We will study the relationship between protein states involved in folding/collapse and with those involved in recognition especially concerning with DNA. The mechanisms governing molecular recognition by proteins and the transition of proteins from their unfolded state to their native state are fundamental biophysical questions that remain unanswered. We will relate the chemical potentials of peptide subdomains in various contexts to changes in solubility and conformation and thus ultimately to recognition and binding. Several proposed systems will be computationally tested in various multicomponent aqueous solutions. Our recent theoretical work suggests the solvent effect on the initial collapse toward folding and the early processes of molecular recognition have many common features. We will study the relation of solubility as a function of length and composition with respect to the available conformational manifold. We will use glycine oligomers as our model for the protein subdomain of UBX and the hinge-helix sequence of LacI. High precision free energy simulations and advances in approximate theory make the calculations of 2, 3 and even 4 component solutions feasible for these studies. We will calculate the chemical potential of these and other peptides and small proteins as well as the other solution components as a function of conformation and solution composition. Misfolded and unstructured domains represent important examples of disease states where the understanding of the recognition, self-recognition or folding process has important potential therapeutic implications. This is not a sequence to structure proposal. Rather we study the fundamental free energy surface of features common to all proteins and the relation to binding.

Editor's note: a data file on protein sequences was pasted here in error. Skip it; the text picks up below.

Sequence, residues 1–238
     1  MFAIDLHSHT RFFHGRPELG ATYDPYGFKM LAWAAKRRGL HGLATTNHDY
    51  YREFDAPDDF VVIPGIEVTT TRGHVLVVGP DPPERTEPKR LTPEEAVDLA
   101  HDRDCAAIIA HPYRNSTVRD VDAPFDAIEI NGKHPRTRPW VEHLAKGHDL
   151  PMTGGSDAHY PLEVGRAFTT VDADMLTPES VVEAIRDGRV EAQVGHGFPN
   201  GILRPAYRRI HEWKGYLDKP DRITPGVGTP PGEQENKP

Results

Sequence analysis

The mechanisms governing protein-DNA recognition and the transition of proteins from their unfolded state to their native state are unanswered fundamental biophysical questions. Refolding often occurs in DNA binding. Misfolded and unstructured domains represent important examples of disease states where the understanding of the recognition, or folding process has important potential therapeutic implications.
|Zhang, Cheng; Lai, Chun-Liang; Pettitt, B Montgomery (2016) Accelerating the weighted histogram analysis method by direct inversion in the iterative subspace. Mol Simul 42:1079-1089|
|Chen, Chuanying; Pettitt, B Montgomery (2016) DNA Shape versus Sequence Variations in the Protein Binding Process. Biophys J 110:534-44|
|Tomar, Dheeraj S; Weber, ValÃ©ry; Pettitt, B Montgomery et al. (2016) Importance of Hydrophilic Hydration and Intramolecular Interactions in the Thermodynamics of Helix-Coil Transition and Helix-Helix Assembly in a Deca-Alanine Peptide. J Phys Chem B 120:69-76|
|Harris, Robert C; Pettitt, B Montgomery (2016) Reconciling the understanding of 'hydrophobicity' with physics-based models of proteins. J Phys Condens Matter 28:083003|
|Drake, Justin A; Harris, Robert C; Pettitt, B Montgomery (2016) Solvation Thermodynamics of Oligoglycine with Respect to Chain Length and Flexibility. Biophys J 111:756-67|
|Harris, Robert C; Mackoy, Travis; Fenley, Marcia O (2015) Problems of robustness in Poisson-Boltzmann binding free energies. J Chem Theory Comput 11:705-12|
|Chen, Chuanying; Esadze, Alexandre; Zandarashvili, Levani et al. (2015) Dynamic Equilibria of Short-Range Electrostatic Interactions at Molecular Interfaces of Protein-DNA Complexes. J Phys Chem Lett 6:2733-7|
|Nguyen, Bao Linh; Pettitt, B Montgomery (2015) Effects of Acids, Bases, and Heteroatoms on Proximal Radial Distribution Functions for Proteins. J Chem Theory Comput 11:1399-409|
|Lynch, Gillian C; Perkyns, John S; Nguyen, Bao Linh et al. (2015) Solvation and cavity occupation in biomolecules. Biochim Biophys Acta 1850:923-31|
|Drake, Justin A; Pettitt, B Montgomery (2015) Force field-dependent solution properties of glycine oligomers. J Comput Chem 36:1275-85|
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